It’s lovely to be branded
Sir — This is a time when brands rule, so what if we have never quite made sense of what it is all about. And thus the mad rush to transform everything into a brand, even a country of over a billion people (“Rum, tandoori and party pooper”, Nov 13). Being a brand has its advantages, no doubt. But when India becomes a brand that rings a bell from Krakatoa to Kamschatka, its advantages are likely to be reaped by everyone other than the Indians living in India. They, poor chaps, will still have to grapple with the harsh reality of droughts, famines, and lack of drinking water.
Sanjukta Mitra, Calcutta
Sir — The overwhelming desire of enjoying life to the hilt has resulted in a complete erosion of moral values. While the deprived resort to snatching, pilferage and robbery, as pointed out by Ashok Mitra (“Rich but unembarrassed”, Oct 31), the rich and the powerful indulge in corruption. Apart from creating a huge economic difference in society, this also makes the government poorer and some individuals richer by the day.
It is not that the government is unaware of the prevailing situation. Rajiv Gandhi had once commented that for every rupee provided for in the budget, a mere 16 paisa percolates to the beneficiaries of a proposed scheme. And yet, the government is either unable or unwilling to combat the menace. The inability or reluctance comes from political compulsions. Of late, the government has shown some initiative by suspending or terminating the service of officials found guilty of corruption. But does it really matter to those who have amassed wealth far in excess of what they could have earned as salaries' Severe punishment would be more effective than mere suspension or termination of service. Consistency, not tokenism is the need of the hour.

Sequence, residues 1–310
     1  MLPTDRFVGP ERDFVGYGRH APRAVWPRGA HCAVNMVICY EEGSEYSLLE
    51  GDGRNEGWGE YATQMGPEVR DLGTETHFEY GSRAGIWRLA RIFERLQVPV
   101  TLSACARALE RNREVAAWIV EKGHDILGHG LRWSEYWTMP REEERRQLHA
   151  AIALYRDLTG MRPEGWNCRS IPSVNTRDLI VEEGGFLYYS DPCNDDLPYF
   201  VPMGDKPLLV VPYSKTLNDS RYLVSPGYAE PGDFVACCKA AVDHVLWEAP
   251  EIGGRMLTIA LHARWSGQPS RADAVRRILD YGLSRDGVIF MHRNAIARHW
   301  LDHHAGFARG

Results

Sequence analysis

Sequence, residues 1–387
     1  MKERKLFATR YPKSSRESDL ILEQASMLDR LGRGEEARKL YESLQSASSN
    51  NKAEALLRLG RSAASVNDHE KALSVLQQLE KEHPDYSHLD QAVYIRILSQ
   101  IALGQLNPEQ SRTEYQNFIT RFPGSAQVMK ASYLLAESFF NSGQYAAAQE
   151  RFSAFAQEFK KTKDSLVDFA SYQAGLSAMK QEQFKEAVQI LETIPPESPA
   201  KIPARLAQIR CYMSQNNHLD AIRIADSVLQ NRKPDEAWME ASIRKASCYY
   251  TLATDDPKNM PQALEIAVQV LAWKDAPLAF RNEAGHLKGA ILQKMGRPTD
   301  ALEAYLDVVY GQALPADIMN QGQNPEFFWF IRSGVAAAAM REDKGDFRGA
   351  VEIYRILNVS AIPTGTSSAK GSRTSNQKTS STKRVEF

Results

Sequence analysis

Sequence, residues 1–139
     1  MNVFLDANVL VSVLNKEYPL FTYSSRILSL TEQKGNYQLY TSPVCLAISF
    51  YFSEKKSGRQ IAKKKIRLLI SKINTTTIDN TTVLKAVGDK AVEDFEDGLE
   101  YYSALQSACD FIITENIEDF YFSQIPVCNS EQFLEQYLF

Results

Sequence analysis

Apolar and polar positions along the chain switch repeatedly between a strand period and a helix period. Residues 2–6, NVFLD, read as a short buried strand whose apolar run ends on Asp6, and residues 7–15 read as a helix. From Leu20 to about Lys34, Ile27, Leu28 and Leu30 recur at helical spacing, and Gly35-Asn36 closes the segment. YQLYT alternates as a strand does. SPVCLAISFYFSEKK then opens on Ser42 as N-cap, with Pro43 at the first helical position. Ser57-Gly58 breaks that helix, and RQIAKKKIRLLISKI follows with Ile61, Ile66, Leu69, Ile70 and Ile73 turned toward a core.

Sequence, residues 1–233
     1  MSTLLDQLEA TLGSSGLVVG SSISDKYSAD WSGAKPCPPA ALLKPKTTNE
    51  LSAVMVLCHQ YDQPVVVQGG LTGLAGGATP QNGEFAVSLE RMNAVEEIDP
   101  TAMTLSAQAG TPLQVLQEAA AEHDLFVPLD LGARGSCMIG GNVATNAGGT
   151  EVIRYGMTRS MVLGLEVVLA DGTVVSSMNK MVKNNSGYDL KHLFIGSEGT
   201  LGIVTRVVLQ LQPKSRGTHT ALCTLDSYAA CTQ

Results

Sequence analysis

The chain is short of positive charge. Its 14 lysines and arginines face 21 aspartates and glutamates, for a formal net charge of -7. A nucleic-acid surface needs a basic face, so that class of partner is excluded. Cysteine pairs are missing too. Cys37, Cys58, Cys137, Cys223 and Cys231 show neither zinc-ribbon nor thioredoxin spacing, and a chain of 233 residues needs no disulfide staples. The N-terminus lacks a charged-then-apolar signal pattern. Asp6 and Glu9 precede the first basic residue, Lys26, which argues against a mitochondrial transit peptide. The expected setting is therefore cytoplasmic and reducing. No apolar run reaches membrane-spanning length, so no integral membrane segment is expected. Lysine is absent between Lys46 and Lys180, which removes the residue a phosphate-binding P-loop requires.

Faiz Ahmad, Calcutta
Sir — The hiatus between the rich and the poor has become a matter of exhibition for the rich here. Why else would swanky restaurants come up with all-glass fronts, so that the street-dwellers can watch the wealthy spend their money on expensive food that they can never dream of having' And this is apart from the millions of rupees blown away in the name of Durga Puja in the face of natural calamities.
Sujit De, Sodepur
Sir — Ashok Mitra captures the prevalent mood of Indian society well — that of willingly immersing oneself in consumerism, while remaining indifferent to the plight of the poor and the deprived. The zeal to possess luxury goods at any cost obviously widens the rich-poor divide.
In a consumerist society, not honesty or principles, but material possession becomes the identity of people. The underprivileged also succumb to the temptation of adopting dishonest means to reach their end.
Yours faithfully, Kajal Chatterjee, Calcutta
Home secretary, please
Sir — I noticed that in the report, “Visa hawk visit” (Nov 7), David Blunkett has been variously referred to as the interior minister and home minister of Britain. In fact, Blunkett is the home secretary of Britain.
Saptarshi Ghosh, Warwick, UK
Sir — “Atal offers US a way out” (Nov 14) informed readers that “the crisis in Iraq was grave and India hoped that a solution would be found to ameliorate it.” A “crisis” hardly calls for a solution in the way a problem or a puzzle does. And if one tries to “ameliorate” a crisis, it can only deepen, since “ameliorate” means “to make better” or “to improve”. The prime minister surely did not mean such a thing although Indian leaders always do their best to “ameliorate” the sufferings of Indians.
Indrajit Banerjee, Calcutta